BOI meets Taytay garments, textile manufacturers and stakeholders

THE Philippine Board of Investments (BOI), the country’s lead industry-development arm and primary investments-promotion agency, met recently with Taytay-based garments and textile manufacturers and stakeholders for a roundtable discussion to gather insights on how the agency can assist in scaling up the garments industry in the area and make them more competitive.

Trade Undersecretary for Industry Development and Trade Policy Group and BOI Managing Ceferino S. Rodolfo led the discussion with the officers and members of the Baclaran Garment Producers Inc. (Bagpi) and I Love Taytay Garments Producers Inc. (Igpai)—the two major garments manufacturer groups in Taytay, Rizal.  Officials and representatives from the Philippine Chamber of Commerce–Taytay Chapter, the Taytay municipal government, the Department of Trade and Industry(DTI)-Rizal Provincial Office, and the Department of Tourism-Rizal Provincial Office were also present in the meeting.

“Our garments industry used to be one of the top performing sectors both locally and internationally.  But with the challenges brought by the end of the Multi-Fiber Agreement [MFA], which grants preferential tariffs to Philippine exports of garments and textiles, we saw a decline in the sector’s general performance,” Rodolfo said.  “We, however, observed that while this is the overall state of the sector, the garments industry here in Taytay is thriving despite challenges, and we hope to replicate this successful model to other parts of the country.”

In the roundtable discussion, the garment-manufacturer groups informed BOI of the scarcity of laborers, particularly sewers.

“Dress-making is no longer part of the schools’ curriculum.  Thus, we are having difficulties in serving market demand,” Bagpi President Manuel Cruz said.

As most garment manufacturers in Taytay are still small scale and likely family-owned businesses passed on through generations, the group also explained that branding has not been fully explored, as this entails additional costs.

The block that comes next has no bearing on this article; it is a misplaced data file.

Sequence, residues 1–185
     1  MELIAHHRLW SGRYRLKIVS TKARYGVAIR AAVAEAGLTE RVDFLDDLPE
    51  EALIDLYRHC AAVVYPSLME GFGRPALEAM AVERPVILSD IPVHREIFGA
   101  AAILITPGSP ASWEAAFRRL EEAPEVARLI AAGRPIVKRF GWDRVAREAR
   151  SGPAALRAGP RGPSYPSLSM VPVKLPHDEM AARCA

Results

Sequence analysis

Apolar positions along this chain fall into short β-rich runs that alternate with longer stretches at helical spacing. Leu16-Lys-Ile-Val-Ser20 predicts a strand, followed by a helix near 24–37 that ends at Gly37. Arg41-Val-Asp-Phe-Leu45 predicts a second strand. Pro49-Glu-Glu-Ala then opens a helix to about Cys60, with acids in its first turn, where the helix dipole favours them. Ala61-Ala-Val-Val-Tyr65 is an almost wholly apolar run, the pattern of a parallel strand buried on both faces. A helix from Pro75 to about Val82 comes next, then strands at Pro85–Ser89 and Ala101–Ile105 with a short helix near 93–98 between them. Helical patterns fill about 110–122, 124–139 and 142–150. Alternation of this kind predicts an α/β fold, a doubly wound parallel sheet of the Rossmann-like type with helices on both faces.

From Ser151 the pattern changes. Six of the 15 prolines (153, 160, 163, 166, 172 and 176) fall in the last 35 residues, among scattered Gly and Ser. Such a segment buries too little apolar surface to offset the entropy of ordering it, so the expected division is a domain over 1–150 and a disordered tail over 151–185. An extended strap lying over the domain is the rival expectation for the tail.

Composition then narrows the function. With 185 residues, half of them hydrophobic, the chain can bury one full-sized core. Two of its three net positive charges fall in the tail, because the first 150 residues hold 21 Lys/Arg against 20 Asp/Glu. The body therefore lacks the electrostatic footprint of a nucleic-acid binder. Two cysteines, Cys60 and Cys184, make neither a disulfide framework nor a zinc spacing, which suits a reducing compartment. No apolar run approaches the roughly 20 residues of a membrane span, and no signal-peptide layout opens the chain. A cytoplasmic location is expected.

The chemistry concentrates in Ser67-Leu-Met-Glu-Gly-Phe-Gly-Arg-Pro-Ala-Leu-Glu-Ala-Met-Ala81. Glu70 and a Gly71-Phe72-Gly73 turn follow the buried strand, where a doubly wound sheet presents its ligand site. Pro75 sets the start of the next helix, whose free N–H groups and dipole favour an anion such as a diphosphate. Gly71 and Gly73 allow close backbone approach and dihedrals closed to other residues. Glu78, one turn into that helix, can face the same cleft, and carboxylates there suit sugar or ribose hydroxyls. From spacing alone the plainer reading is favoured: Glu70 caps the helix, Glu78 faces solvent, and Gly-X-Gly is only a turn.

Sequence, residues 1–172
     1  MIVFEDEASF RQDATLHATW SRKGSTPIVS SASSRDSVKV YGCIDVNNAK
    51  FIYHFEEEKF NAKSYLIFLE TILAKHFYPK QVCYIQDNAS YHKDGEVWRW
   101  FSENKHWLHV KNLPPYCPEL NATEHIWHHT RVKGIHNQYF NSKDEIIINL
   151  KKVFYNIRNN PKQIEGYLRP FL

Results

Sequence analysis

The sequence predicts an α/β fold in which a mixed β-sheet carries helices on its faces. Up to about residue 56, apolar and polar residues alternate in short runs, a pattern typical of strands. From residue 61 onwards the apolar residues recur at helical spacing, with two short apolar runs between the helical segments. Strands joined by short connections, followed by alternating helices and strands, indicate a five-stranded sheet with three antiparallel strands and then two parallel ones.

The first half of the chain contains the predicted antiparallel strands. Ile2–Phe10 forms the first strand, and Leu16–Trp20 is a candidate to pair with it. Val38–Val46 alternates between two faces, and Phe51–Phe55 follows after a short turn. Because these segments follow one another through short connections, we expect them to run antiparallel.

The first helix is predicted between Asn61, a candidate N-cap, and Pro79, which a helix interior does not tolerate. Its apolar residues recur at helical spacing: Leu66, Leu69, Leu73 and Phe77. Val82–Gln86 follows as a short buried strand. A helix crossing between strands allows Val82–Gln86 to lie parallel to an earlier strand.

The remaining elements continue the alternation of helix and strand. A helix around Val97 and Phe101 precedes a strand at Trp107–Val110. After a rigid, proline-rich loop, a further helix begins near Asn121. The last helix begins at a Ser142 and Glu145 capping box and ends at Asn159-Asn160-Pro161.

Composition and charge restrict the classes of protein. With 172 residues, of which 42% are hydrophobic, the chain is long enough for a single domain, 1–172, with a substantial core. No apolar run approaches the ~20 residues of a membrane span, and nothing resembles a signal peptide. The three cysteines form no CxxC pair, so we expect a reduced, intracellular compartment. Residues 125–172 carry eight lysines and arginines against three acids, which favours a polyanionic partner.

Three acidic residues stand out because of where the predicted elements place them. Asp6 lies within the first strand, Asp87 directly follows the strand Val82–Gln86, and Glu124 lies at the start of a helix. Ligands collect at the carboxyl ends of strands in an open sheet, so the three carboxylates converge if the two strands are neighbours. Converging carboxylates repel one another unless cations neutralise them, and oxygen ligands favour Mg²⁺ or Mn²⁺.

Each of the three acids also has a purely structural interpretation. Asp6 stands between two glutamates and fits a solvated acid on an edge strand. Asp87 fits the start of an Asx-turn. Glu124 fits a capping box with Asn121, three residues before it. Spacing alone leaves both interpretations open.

“Most of the garment manufacturers here sell their items in bulk to retailers and online resellers.  These retailers and resellers are often the ones putting the brand names to these items,” an Igpai representative said.

Garments manufacturing is one of the silong industries in Taytay with about 190 registered garment manufacturers, 52 remnant-cloth sellers, 29 registered ready-to-wear  retailers and 4,000 surveyed flea-market sellers, a report by the Taytay Business License Processing Office said.

The garments and textile industry in Taytay can be traced back from the 1950s to the 1960s when remnant textiles (aged textiles) from New York were imported through the efforts of the then municipal mayor who had easy access to suppliers and knowledge on customs procedure.

Sewers were mostly located on the ground floor of their houses to lessen overhead costs,  as well as permits and licensing requirements.

With increasing labor costs in the country, most of the garments manufacturers have moved to other Association of Southeast Asian Nations countries. The local industry continues to struggle in competing with secondhand clothes from developed countries (ukay-ukay) and Chinese-made garments and textiles. Factories in Taytay and in nearby areas like ITM, Gentex, UTEX and Knit Joy ceased operations. Garment manufacturers in Taytay are now relying heavily on imported remnants from China.

Rodolfo said the DTI and the BOI can help in the possible sourcing of textiles from nontraditional sources, such as Vietnam, Pakistan and Turkey, upgrading their capabilities and expanding their markets.

After the meeting, Rodolfo and the BOI team made rounds at the ongoing Taytay Tiangge Night Market to witness the actual operations of industry players in the area.  Flocked by thousands of buyers and resellers, about nine associations of garments producers and traders operate in the Taytay tiangge namely Bagpi (400 to 1,000 stalls), municipal tiangge (800 stalls), Octagon (150), Igpai (300 to 400), Maswerte (250), My Seoul (100 to 200), Freedom (200), Club Manila East (600 to 700) and Eugene (30).

“The information gathered from the roundtable discussion is very important to us.  As we go around the country and conduct similar focused-group discussions with garments and textile industry players and stakeholders, these collected information will serve as substantive inputs to the Garments and Textile Industry Roadmap that we envision for the industry,” Rodolfo said.

The BOI, through the Manufacturing Resurgence Program—Industry Roadmapping Project, is currently formulating the Garments and Textile Industry Roadmap.  The roadmapping exercise involves defining the industry’s objectives, assessing its state and economic performance, identifying the binding constraints to its growth, and recommending strategies to achieve industry growth and competitiveness.  The project involves the conduct of focused group discussions with stakeholders from the industry, government, and other relevant sectors and already, five discussions were conducted from December 2017 with various garments and textile stakeholders in some parts of the country.  The discussion with Taytay garment stakeholders is sixth among these meetings.


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